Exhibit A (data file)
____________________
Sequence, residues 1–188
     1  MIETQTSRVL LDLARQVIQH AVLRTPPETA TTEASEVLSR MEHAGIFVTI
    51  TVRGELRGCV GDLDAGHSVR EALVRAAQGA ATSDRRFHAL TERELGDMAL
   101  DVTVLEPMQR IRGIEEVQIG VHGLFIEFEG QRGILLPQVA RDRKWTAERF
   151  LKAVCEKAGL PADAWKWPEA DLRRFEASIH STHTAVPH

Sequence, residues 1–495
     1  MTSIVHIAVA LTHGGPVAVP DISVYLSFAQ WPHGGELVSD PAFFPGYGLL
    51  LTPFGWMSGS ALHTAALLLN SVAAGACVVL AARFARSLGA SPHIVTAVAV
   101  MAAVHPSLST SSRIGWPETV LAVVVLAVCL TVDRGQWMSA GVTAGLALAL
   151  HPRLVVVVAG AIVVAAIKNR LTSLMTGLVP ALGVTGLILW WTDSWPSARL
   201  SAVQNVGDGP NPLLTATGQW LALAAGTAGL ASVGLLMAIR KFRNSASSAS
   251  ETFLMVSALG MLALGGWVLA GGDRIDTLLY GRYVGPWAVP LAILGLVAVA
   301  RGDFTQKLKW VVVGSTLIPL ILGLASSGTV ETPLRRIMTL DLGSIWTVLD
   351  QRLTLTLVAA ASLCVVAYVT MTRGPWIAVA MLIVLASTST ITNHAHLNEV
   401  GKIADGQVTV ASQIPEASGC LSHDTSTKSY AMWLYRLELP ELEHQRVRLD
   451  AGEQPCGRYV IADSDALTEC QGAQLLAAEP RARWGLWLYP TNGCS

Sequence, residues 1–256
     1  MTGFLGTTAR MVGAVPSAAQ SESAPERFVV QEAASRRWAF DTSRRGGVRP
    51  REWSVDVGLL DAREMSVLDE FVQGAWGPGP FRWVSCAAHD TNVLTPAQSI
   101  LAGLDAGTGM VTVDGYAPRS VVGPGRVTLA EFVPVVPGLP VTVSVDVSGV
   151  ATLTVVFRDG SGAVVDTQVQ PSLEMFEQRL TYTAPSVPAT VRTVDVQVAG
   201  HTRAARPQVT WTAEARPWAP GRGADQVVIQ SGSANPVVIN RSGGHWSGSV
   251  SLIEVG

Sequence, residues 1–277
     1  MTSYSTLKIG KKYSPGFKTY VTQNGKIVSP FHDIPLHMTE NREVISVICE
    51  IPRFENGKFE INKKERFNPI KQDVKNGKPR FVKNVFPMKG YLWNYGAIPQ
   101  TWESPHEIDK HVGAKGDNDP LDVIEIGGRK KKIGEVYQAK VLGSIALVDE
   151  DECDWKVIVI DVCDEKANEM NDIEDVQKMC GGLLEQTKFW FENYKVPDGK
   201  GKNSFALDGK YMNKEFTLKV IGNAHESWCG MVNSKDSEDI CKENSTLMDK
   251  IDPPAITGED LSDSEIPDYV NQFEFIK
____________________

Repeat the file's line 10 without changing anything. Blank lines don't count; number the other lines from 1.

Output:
   151  HPRLVVVVAG AIVVAAIKNR LTSLMTGLVP ALGVTGLILW WTDSWPSARL